stances into which our limits forbid us to enter, account for the greater part of this alarming apparent increase, is certain. Whether, however, there is not also an actual increase, unaccounted for by population, or by accumulation, remains an open question, which statistics do not absolutely determine. At the same time we think that it is quite probable that there has been some real increase.
To what social class do the great mass of our lunatics belong, and to what grade of society does the striking apparent increase of the insane point? The large majority of lunatics under legal restraint undoubtedly belong to the pauper population. On the 1st of January, 1877, of the total number of patients in asylums and elsewhere (in round numbers 66,600), about 59,000 were pauper, and only 7,600 private patients. These figures, however, fail to convey a correct statement of the relative amount of insanity existing among the class of the originally poor and uneducated masses and the class above them, because in a considerable number of instances members of the middle and still higher classes have become paupers. Again, the wealthy insane remain very frequently at home, and do not appear in the official returns. We believe this class to be very large. Probably we get a glimpse of it from the census of 1871, which contained 69,000 lunatics, idiots, and imbeciles (and we have good reasons for knowing that this return was very far short of the truth), yet it exceeded the number given by the Lunacy Commissioners in the same year by 12,000! A large number no doubt lived with their families because these could well afford to keep them at home. None would be in receipt of relief, or they would have appeared in the Commissioners' Report. Another most important qualifying consideration remains—the relative numbers of the classes of society from which the poor and the well-to-do lunatics are derived. Several years ago the Scotch commissioners estimated the classes from which private patients are derived at only about an eighth of the entire population of Scotland; a proportion which would make them at least as relatively numerous as the pauper lunatics. No doubt in England the corresponding class of society is a larger one; but whatever it may be, a calculation based upon the relative proportion of different social strata in this country would vastly reduce the apparent enormously different liability to insanity among the well-to-do and the poorer sections of the community, although, with this correction, the pauper lunatics would still be relatively in the majority.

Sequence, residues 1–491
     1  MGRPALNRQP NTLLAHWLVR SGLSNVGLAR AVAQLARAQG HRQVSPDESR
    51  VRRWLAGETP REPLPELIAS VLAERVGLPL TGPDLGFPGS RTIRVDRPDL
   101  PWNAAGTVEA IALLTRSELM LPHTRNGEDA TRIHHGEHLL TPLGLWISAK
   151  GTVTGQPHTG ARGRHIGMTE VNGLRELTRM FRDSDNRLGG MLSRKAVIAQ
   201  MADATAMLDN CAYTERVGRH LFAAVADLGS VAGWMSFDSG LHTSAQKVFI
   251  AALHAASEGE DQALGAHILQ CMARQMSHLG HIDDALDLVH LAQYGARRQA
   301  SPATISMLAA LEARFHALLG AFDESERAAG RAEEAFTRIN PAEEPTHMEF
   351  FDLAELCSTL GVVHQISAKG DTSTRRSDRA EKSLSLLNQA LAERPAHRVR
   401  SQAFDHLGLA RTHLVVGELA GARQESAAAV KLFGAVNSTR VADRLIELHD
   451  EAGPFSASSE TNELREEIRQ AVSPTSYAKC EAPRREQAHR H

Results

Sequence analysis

The disparity between the absolute number of pauper and private
- We are informed by Dr. Fair that the proportion between the upper and middle classes on the one hand, and the lower classes on the other, is as 15 to 85. Calculated on this basis, the proportion of private and pauper lunatics to their respective populations would be one in 484 for the former, and one in 353 for the latter—a very different result from that obtained by the usual method of calculating the ratio of private and pauper lunatics to the whole population, viz., one in 3,231, and one in 415.